One thing that hasn’t yet been fully addressed in our current crop of kids-on-bikes throwback thrillers like Stranger Things & IT is that teenagers themselves are grotesque monsters. While most Amblin-inspired nostalgia horrors are content to pit flawed, but lovable scamps against supernatural monsters, Super Dark Times instead makes the more difficult choice of presenting the teens themselves, especially teen boys, as the inhuman creatures worthy of fear. The teenagers of Super Dark Times are gross idiots whose masculine aggression & feverish libido are disturbingly typical for their hormone-addled age range . . . until they result in a very atypical body count. There’s, of course, plenty room in this world for more idyllic depictions of teenage suburbia in crisis, where everything is well-meaning & wholesome except supernatural foreign invaders. Super Dark Times messes with that formula in an interesting way, however, by being more critically honest about the evils lurking in the real life kids who bike around those neighborhoods.
Two lifelong friends fill their days with standard teen boy grotesqueries: scrambled satellite signal porn, ogling girls in their high school year book, stale weed, junk food, performative cussing, etc. There’s a detectable face/heel dynamic in their relationship, where one of the kids is frequently invited to parties & is more socially fluent, while the other is more of a bitter shut-in. Mostly, though, they’re inseparable in their suburbanite exploits, which is how they wind up sharing guilt over the accidental death of a classmate, with a little help from a dangerously sharp sword & some old-fashioned masculine aggression. Most of Super Dark Times is wrapped up in the fallout of this life-destroying tragedy, following the more agreeable of the two boys as he feebly attempts to keep their involvement in his classmate’s disappearance quiet. He’s absolutely terrible at acting normal & covering his tracks, barely containing his mounting paranoia & crippling guilt as he also has to navigate school work, home life, reciprocated advances from a romantic crush, and increasingly intense stress dreams that jumble all of these anxieties into an incoherent cerebral torture. Then things get even worse.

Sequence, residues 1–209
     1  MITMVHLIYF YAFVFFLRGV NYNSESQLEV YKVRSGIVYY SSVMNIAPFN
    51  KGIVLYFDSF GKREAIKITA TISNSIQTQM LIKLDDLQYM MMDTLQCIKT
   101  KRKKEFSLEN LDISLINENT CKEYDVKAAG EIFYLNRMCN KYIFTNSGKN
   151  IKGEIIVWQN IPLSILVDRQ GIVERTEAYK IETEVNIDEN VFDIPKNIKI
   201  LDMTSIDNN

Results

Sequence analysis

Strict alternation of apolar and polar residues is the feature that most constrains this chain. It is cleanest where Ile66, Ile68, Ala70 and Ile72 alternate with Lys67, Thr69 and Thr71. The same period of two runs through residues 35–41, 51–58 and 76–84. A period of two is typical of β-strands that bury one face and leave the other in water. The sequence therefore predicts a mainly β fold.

Because of its genre and 1990s setting, it’s near impossible to avoid comparing Super Dark Times to more hot ticket kids-on-bikes throwbacks like IT & Stranger Things, even though its sentiments are likely more in line with small budget indie outliers like Gabriel & I Am Not a Serial Killer. You can definitely find Only 90s Kids Will Understand™ details in the setting if you know where to look for them: Walkman players, bagel bites, Bill Clinton, True Lies, PM Dawn, the aforementioned scrambled porn. The closest the film ever gets to cutesy nostalgia, though, is in depicting a high school kid having a deadly serious conversation on a tennis shoe phone. Its sense of dread is much more lyrical than merely evoking a half-remembered era through pop culture touchstones. The menace of the wilderness, the memories of longingly staring at girls in class, and the anxious nightmares of jumbled-up sex, blood, and divine swords make the film feel both dangerous & subliminally disturbing. Better yet, it even has a point of view in its depictions of the grotesque, unchecked evils lurking in teen boy masculinity that’s much more meaningful than any pop culture throwback or supernatural monster could’ve been in its place. Super Dark Times might not be the most fun kids-on-bikes thriller released in 2017, but it’s impressively honest & lyrically brutal in a way more films in the genre could stand to be.